Wednesday, November 4, 2009

Analyzing Dementia, Noonan, U.N. Condemnation, The Liberal GOP

John Steele Gordon's op-ed in the WSJ today attempts to explain why liberals support the policies they do. He interprets their puzzling behavior with a paradigm of sheep, wolves and shepherds - sheep being the large majority of oppressed common folk; wolves being the ruthless, uncaring capitalists that oppress them; and shepherds being the small group of enlightened liberals who selflessly try to lead the sheep out of their misery. Gordon goes on to show how this silly mindset is roughly a century out of date.

In today's issue, there's also this comment by a reader, referring to the Peggy Noonan column I wrote about a few days ago.

I am overjoyed to see that the real Peggy Noonan is back after her swoon over Barack Obama.

It would have been better if she (and countless other normally rational thinkers) hadn't been hoodwinked in the first place.

It's gratifying that the House of Representatives has overwhelmingly condemned the Goldstone Report (see my post 10/30) by a vote of 344 to 36. Not surprisingly, 33 of the 36 (92%) of those supporting the pro-terrorist report were Democrats. (And one of the 3 Republican votes was the loony Ron Paul). In addition, 20 Democrats (and 2 Republicans) abstained.

And one last item, Jonah Goldberg's latest column on NRO.

Goldberg argues that the Republican Party, far from being run by wild-eyed reactionaries, has actually been too ideologically mushy. Here he gives just some examples of George W. Bush's liberal activism.

Bush’s “compassionate conservatism” was promoted as an alternative to traditional conservatism. Bush promised to be a “different kind of Republican,” and he kept that promise. He advocated government activism, and he put our money where his mouth was. He federalized education with No Child Left Behind — co-sponsored by Teddy Kennedy — and oversaw the biggest increase in education spending in history (58 percent faster than inflation), according to the Heritage Foundation, while doing next to nothing to advance the conservative idea known as school choice.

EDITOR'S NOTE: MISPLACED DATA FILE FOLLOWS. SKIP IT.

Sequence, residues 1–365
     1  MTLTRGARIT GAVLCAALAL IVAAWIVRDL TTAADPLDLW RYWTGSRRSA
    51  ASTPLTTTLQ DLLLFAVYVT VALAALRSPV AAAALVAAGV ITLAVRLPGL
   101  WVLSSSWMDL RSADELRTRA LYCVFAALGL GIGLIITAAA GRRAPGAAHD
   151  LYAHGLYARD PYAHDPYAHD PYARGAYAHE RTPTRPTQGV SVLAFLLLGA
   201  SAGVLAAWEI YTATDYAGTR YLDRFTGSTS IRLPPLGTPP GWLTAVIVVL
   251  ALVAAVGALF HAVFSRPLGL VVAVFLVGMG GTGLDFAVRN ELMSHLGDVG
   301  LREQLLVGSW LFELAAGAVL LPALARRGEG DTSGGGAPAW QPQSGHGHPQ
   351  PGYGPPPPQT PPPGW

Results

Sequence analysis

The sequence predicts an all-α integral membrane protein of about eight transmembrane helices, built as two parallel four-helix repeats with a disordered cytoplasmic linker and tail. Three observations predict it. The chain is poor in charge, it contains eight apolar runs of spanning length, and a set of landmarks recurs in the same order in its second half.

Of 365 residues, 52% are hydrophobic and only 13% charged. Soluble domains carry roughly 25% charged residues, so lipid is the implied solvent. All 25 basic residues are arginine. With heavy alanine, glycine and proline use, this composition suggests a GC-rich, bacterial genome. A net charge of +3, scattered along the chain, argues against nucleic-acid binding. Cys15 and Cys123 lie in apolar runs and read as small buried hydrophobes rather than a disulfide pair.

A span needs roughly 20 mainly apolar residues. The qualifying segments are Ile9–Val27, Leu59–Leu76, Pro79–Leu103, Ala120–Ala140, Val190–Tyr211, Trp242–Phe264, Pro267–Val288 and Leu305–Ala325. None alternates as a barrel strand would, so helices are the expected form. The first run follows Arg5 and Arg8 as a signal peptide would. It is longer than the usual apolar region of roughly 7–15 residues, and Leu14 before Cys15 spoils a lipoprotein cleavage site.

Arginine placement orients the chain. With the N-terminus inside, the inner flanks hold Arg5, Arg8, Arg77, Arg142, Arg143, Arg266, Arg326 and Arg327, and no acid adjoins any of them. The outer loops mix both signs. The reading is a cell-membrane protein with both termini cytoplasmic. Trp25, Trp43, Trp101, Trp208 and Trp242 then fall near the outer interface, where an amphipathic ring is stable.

With the prescription-drug benefit, he created the biggest new entitlement since the Great Society (Obama is poised to topple that record). Bush increased spending on the National Institutes of Health by 36 percent and international aid by 74 percent, according to Heritage. He oversaw the largest, most porktacular farm bills ever. He signed the Sarbanes-Oxley Act, a massive new regulation of Wall Street. His administration defended affirmative action before the Supreme Court.
He pushed amnesty for immigrants, imposed steel tariffs, supported Title IX, and signed the McCain-Feingold campaign-finance-reform legislation.
Oh, and he, not Obama, initiated the first bailouts and TARP.
Not all of these positions were wrong or indefensible. But the notion that Bush pursued conservative ideas with “dogmatic fixity” is dogmatic nonsense.
...In short, conservatives have had to not only put up with a lot of moderation and ideological flexibility, we’ve had to endure nearly a decade of taunting from gargoyles insisting that the GOP is run by crazed radicals.

Goldberg thinks it's time to give true conservatism a chance. And that means not having the GOP nominating far left candidates for public office like Dede Scozzafava.

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